Caffeine, which acts as the major energy boosting ingredient in pre workout, may cause enhanced stimulation and illicit feelings of anxiousness, agitation or nervousness (6). With each individual having different caffeine sensitivities, determining the right amount of pre-workout to use is essential. Recall that one serving is up to three cups of coffee. Some users often describe that they experience reduced sleep, irritability and/or jitters when consuming pre-workout7.
Just like many substances that go into our bodies, pre workout tolerance can increase over time. By increasing the amount of pre-workout used over time to compensate for this tolerance, one may be dependent on large amounts of pre-workout to achieve desired effects (7). If/when users that are dependent try cut out pre-workout/ caffeine, side effects such as reduced performance, fatigue, difficulty concentrating and changes in one’s mood may occur.
In Enayble Health fashion, it is vital to examine the cost associated with pre-workout. Pre workout just like many other supplements can be costly. For many individuals, spending additional costs on supplements may not be feasible and may pose a barrier to achieving fitness goals for those who rely on them. In conclusion, those who need a boost of energy, want to form habits or desire to optimize muscle growth when working out may see benefits with pre-workout. On the other hand it is essential that users monitor intake for side effects. With pre-workout becoming more popular within the mainstream fitness industry, it is also important that regulations can come into place to ensure that consumers are protected from unwanted/ harmful ingredients. Users should also do their diligence to read the ingredients. Thanks for reading. Summary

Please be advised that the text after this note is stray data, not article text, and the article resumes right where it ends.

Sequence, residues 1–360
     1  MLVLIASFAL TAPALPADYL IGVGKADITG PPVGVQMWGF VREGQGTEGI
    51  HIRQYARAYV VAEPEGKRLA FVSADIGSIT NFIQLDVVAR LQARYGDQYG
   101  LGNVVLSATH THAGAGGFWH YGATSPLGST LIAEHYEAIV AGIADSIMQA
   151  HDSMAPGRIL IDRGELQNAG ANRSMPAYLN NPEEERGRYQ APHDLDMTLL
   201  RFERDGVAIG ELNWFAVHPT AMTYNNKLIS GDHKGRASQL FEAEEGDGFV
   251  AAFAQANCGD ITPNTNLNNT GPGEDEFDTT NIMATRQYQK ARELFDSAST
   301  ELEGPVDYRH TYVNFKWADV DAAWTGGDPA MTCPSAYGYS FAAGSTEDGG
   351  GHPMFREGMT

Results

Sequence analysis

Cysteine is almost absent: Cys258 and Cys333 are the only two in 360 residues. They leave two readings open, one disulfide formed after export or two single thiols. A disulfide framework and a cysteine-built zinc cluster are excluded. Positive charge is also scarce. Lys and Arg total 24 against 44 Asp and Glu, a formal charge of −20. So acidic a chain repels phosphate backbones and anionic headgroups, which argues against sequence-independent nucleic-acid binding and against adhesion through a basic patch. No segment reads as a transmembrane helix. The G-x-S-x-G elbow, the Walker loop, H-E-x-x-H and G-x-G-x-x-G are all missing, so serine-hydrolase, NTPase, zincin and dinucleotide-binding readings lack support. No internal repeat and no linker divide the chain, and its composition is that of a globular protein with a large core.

Pre-workout is described as a supplement designed to increase energy and athletic performance. Common ingredients include: caffeine, creatinine, and BCAA (branched chained amino acids).
Boost of Energy
With caffeine being a major ingredient in pre-workout, one serving is approximately equal to 1-3 cups of coffee.
Resistance training in addition to BCAA ingestion has shown to increase muscle synthesis and inhibit muscle breakdown.
Sticking to a Routine
While the physical benefits of pre- workout exists, the act of having a ritual can improve one’s ability to form habits and be motivated to keep exercising.
Pre-workout also contains ingredients such as magnesium and sugars alcohols (sorbitol) that can have an osmotic effect in the gut, causing water to move out of the body
By increasing the amount of pre-workout used over time to compensate for tolerance, one may be dependent on large amounts of pre-workout to achieve desired results.
Caffeine, which acts as the major energy boosting ingredient, may cause enhanced stimulation and illicit feelings of anxiousness, agitation or nervousness.